Eastland’s suggestion that the independent counsel is not an “inferior officer,” because the attorney general cannot remove him at will, is too sophistical even to rebut. A more serious constitutional argument holds that the Constitution, through the “executive power” and “take care” clauses of Article II, vests the President with arbitrary and illimitable control over all federal officers. (Not only the independent counsel statute, but the fixed term of the FBI director, violates this royalist ideal.)

Under the kings of Britain, royal governors had often refused to execute the laws of colonial assemblies, or had executed them “unfaithfully.” The Article II clause charging the President to “take care that the laws be faithfully executed” is a warning to the President to obey the laws passed by Congress, not a grant of arbitrary power to quash any federal investigation he dislikes. Furthermore, the Constitution provides numerous hints that the President’s “executive power” does not give him arbitrary control over all federal administration or law enforcement. Why, for example, if the President is master of all executive officers, did the Framers have explicitly to give him this power to “require the opinion in writing, of the principal officer in each of the executive departments, upon any subject relating to the duties of their respective offices”? The impeachment power is another example. Congress can impeach the President or any other federal officer. Finally, of course, the Constitution allows Congress, by law, to assign the appointment of inferior officers to heads of departments or the courts, rather than to the President. In the 18th century, the power of removal was widely thought to be an incident of the power of appointment. Indeed, there would be no reason to permit other officers or courts to appoint federal officials, if the President, by virtue of a plenary power of removal, became their arbitrary master, once they were appointed. You obey the fellow who can fire you, not the fellow who earlier got you the job. However 20th-century judicial activists such as Taft and Scalia have misinterpreted it, the appointment clause makes sense only as a check on presidential removal power. Case dismissed.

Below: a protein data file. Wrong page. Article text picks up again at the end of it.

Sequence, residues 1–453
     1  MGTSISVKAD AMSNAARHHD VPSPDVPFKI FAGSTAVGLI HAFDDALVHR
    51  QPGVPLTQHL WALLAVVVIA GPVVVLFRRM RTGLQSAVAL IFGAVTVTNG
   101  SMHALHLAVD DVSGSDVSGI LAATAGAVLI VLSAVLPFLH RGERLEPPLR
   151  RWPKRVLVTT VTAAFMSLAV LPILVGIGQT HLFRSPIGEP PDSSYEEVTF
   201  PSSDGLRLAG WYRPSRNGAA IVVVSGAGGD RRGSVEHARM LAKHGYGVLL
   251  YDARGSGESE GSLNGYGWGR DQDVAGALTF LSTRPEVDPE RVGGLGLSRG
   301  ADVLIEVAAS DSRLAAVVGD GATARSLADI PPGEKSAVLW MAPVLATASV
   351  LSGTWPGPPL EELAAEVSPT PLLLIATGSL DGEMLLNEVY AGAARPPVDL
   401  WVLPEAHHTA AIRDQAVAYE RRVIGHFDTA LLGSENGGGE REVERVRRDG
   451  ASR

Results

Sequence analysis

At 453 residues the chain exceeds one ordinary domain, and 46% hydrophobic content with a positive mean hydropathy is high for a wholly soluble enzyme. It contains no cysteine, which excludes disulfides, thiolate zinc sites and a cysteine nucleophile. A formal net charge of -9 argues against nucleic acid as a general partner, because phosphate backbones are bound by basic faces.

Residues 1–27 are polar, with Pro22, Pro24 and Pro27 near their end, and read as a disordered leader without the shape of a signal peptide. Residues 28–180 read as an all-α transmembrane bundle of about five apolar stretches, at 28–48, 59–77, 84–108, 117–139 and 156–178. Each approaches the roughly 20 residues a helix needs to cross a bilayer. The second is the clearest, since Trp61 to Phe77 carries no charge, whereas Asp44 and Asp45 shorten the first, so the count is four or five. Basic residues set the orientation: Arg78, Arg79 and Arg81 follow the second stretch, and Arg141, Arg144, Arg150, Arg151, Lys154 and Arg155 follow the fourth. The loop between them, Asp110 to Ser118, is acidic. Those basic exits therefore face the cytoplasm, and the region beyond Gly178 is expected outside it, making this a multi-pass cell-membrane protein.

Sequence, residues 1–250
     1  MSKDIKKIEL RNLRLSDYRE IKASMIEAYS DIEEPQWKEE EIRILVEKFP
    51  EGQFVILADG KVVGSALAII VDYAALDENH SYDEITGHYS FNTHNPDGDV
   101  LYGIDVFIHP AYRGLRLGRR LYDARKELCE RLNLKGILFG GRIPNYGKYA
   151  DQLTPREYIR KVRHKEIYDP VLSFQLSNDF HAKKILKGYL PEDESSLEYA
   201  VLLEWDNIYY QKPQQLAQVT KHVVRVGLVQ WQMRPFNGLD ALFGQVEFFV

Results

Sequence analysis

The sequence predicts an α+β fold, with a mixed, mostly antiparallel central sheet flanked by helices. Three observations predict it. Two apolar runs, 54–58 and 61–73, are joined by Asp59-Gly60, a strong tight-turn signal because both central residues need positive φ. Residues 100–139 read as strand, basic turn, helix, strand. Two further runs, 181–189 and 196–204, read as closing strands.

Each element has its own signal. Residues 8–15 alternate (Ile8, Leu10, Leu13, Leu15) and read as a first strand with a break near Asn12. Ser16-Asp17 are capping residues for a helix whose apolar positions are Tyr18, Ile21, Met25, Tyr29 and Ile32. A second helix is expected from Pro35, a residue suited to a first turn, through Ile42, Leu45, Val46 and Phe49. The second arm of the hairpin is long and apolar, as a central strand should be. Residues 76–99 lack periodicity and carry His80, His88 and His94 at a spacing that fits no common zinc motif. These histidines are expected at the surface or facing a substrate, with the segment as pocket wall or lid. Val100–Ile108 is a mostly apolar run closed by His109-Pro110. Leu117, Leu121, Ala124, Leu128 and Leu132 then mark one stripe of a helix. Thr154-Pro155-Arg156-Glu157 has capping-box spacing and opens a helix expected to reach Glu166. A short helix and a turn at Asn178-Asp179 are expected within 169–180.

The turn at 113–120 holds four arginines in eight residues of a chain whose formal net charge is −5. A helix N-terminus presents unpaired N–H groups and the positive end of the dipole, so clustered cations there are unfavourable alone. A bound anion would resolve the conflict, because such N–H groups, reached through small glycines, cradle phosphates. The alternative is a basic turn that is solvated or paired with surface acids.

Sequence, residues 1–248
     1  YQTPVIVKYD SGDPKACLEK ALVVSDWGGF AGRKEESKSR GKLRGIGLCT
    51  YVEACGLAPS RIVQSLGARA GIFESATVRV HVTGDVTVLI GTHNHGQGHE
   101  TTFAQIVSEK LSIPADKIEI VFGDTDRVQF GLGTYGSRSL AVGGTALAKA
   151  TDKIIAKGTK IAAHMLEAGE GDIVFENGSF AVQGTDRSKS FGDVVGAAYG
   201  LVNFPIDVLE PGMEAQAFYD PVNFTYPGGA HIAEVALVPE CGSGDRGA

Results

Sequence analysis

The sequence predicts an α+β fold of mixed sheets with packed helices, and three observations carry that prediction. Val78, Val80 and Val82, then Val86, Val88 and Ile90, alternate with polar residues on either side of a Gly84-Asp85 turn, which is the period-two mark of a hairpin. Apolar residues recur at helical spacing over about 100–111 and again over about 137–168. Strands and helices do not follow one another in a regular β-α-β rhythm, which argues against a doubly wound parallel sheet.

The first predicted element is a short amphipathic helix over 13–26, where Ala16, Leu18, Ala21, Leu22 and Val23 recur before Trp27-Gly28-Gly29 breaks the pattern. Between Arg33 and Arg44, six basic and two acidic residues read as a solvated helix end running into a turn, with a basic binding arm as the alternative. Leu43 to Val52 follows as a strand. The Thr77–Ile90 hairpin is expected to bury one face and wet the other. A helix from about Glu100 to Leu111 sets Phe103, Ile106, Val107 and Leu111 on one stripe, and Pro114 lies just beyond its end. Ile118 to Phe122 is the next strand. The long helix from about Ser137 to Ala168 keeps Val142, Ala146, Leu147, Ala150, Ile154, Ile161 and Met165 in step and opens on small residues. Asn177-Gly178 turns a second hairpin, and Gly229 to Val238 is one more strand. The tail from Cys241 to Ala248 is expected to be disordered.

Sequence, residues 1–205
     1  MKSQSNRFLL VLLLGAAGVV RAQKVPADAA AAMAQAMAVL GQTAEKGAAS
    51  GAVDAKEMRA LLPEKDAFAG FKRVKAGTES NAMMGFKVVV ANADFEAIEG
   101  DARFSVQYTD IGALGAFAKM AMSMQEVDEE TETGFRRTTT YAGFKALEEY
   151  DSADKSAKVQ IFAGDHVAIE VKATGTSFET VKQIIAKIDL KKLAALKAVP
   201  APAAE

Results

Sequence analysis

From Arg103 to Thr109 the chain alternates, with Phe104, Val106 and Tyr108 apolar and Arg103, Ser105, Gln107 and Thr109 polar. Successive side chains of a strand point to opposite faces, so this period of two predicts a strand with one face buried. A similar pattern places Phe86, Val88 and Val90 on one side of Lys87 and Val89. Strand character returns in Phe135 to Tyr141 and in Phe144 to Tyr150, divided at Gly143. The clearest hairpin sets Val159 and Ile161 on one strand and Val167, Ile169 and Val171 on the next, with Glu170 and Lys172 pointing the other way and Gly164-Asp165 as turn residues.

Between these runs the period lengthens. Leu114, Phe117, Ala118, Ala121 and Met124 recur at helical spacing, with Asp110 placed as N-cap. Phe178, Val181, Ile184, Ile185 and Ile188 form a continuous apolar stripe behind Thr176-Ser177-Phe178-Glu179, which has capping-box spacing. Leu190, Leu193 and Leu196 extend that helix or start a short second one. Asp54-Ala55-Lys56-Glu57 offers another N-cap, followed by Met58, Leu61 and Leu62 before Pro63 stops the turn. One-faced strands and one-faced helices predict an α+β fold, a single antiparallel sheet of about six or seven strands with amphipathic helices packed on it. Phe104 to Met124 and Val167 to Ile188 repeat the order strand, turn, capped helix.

Eastland has tried valiantly to make the weaker appear to be the stronger case. In the final analysis, though, his argument amounts to saying, in fancy language, that Ed Meese can only be investigated by a lawyer who owes his continued employment to Ed Meese. Particular features of the independent counsel law can be criticized, especially the fact that it does not apply to Congress. The principle behind the independent prosecutor statute—that the targets of investigations should not control the investigators—is fundamental to the rule of law.

But that is the old conservative learning. The new strict construction, as practiced by born-again Republican fans of the presidency created by Woodrow Wilson and FDR, holds that the constitutional powers of any branch of government that the Republican Party does not control shall be strictly construed as narrow exceptions to the vast, awe-inspiring, and plenary power of whatever branch the GOP does temporarily dominate. “There is insufficient appreciation in today’s political culture for the origins and delicate character of executive power (not to mention its importance to limited government),” writes Eastland. “Executive poppycock,” that great conservative lawyer Sam Ervin once snorted. “Divine right went out with the American Revolution.” The cold truth is that no one on the right would spare a moment for hyper-subtle, paradoxical, and farfetched constitutional arguments for illimitable presidential law enforcement powers if we had a Democratic President. One day we will. For that occasion, the Democrats, if they are clever, will keep a library of polemics such as this, with which to taunt their Republican adversaries in Congress.


[Ethics, Politics, and the Independent Counsel: Executive Power, Executive Vice 1789-1989, by Terry Eastland (Washington, D.C.: National Legal Center for the Public Interest) 187 pp., $10.95]